Posted on August 20th, 2009 in clean government, Colorado Politics, Fiscal Policy, General, liberty, My Life | Written by Ben | 3 Comments »
Earlier this week I was privileged to sit down in a one-on-one meeting with state senate minority leader and Republican gubernatorial candidate Josh Penry. I have to admit it’s a bit surreal to be in close contact with someone running for governor who is in my age bracket — Josh is less than a year older than I am. But the political times, they are a-changin’ … and many signs suggest the pro-liberty youth movement promises to better serve the GOP and its fiscally conservative wing in 2010.
At our 40-minute enclave Penry and I discussed policy issues, most specifically education, while he afforded me the opportunity to assess his strengths and weaknesses, and offer my 2.5 cents (inflation) worth of advice. As I told Josh directly, I was about 98 percent inclined to support his candidacy before we met. The one-on-one meeting — combined with recent revelations of rival Scott McInnis‘ temperament — cinched the deal for me.
Politically smart and effective, his campaign has had the best launch and roll-out of any Colorado Republican candidate I’ve seen since I’ve been here. Not even close. A highly respected local political observer sees it similarly, as expressed in a recent Christian Science Monitor article:
â€œThere are two frames: new versus old, Denver versus Washington,â€ says nonpartisan Denver pollster Floyd Ciruli. Penry is â€œhaving a fairly sophisticated rollout, and it looks to me he could win the primary.â€
Penry’s message is disciplined, focused, and consistent: Both Bill Ritter and the national Republican Party — especially Ritter and his slew of taxes (not to mention his recent flip-flopping) — have failed us in the area of fiscal responsibility and limited, effective government. We need new blood that can keep faith with the taxpayers by being responsible with their money and demonstrating competence at running and managing the basic services people expect.
Competence is also what goes a long way toward helping Josh Penry overcome the perception of youthful inexperience. He speaks with facility about the important issues of government and is very comfortable in his own philosophical shoes, yet also connects well personally and seems to take a genuine interest in the thoughts and input of those around him. His style of leadership recognizes the importance of collaboration and of absorbing the ideas of those around him, but he also shows the capacity and confidence to take decisive action.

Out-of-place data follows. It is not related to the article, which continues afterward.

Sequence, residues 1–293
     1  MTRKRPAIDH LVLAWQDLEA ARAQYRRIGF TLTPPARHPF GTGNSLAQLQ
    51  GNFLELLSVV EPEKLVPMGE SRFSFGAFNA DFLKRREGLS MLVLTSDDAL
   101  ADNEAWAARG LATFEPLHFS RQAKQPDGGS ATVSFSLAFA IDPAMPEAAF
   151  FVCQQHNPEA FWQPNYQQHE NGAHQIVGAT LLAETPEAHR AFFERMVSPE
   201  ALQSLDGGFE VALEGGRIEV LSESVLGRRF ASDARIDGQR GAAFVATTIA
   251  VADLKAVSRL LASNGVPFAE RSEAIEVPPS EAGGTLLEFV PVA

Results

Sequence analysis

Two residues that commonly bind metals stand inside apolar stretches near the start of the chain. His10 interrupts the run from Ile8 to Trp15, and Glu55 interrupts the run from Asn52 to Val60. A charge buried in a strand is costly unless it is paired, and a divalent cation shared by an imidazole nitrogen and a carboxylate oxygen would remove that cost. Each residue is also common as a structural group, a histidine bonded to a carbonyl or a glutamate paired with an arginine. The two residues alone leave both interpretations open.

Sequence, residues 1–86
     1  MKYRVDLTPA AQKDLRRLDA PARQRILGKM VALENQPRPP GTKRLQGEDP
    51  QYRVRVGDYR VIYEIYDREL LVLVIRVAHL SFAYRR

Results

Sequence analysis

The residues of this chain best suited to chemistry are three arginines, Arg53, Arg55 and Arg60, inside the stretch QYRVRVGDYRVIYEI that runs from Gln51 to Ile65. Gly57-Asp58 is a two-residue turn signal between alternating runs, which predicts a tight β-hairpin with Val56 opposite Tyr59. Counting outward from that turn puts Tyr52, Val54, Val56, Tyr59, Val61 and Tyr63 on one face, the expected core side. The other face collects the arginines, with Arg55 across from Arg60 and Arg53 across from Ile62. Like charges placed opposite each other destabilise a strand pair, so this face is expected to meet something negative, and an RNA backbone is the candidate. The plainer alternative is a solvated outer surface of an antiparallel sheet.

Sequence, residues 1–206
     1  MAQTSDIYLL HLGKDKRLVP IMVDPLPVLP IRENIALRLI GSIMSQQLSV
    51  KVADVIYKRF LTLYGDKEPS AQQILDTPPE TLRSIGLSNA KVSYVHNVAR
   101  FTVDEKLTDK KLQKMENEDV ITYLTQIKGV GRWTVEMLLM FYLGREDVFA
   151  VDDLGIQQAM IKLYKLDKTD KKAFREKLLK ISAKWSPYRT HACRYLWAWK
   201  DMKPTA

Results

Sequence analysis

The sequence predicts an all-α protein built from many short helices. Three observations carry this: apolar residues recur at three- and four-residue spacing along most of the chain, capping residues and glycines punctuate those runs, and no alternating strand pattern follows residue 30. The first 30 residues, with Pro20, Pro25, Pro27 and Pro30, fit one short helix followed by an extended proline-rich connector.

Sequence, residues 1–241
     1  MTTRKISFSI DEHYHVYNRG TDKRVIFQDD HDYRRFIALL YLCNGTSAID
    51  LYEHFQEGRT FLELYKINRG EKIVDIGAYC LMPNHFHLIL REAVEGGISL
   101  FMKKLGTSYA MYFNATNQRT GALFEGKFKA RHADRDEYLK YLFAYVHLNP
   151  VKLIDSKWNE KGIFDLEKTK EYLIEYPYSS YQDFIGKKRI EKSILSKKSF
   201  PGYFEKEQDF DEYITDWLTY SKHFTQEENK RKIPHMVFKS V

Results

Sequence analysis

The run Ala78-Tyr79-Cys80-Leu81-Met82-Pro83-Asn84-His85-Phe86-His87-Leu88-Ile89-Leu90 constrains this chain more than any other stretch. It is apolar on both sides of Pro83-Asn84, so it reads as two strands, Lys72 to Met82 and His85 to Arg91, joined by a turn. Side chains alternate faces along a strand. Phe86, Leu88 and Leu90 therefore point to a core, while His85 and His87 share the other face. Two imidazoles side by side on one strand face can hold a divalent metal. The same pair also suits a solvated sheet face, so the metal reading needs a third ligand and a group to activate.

One point Penry made well in the Christian Science Monitor piece also has stuck with me:
He calls the antitax â€œtea partyâ€ rallies, which he has addressed, an indictment of the GOP. â€œIf the Republican Party hadnâ€™t so thoroughly lost its way on fiscal issues, those folks would be showing up at Republican gatherings,â€ he says.
He’s right about that, you know.
Why else do I like him? Penry is brimming with good policy ideas that demonstrate a thoughtfulness, resourcefulness, and strategic vision. Definitely in the area of education. We had an enjoyable and stimulating conversation, not always the case with political candidates. This 7-minute Rocky Mountain Independent interview clip gives you the same flavor:
Don’t get me wrong. The 33-year-old state senate minority leader has plenty of challenges ahead, including a lot of name ID to build and some skepticism to overcome. But given the options available in the primary field and the glaring need to oust Bill Ritter and improve leadership at the State Capitol, Penry is clearly our best chance and our best choice.
Especially here in Colorado, the Republican Party needs new blood, but it also needs common sense, credibility and core conservative principles. Josh Penry brings all these assets to the table. The Republican state assembly is nine months ahead, and the primary election almost a year away. But I’m proud to lend my support and personal endorsement to Josh Penry for Governor now, and encourage you to consider him closely and do the same.
Note: This is my personal endorsement only, and does not necessarily reflect the views of any organization with which I am affiliated.
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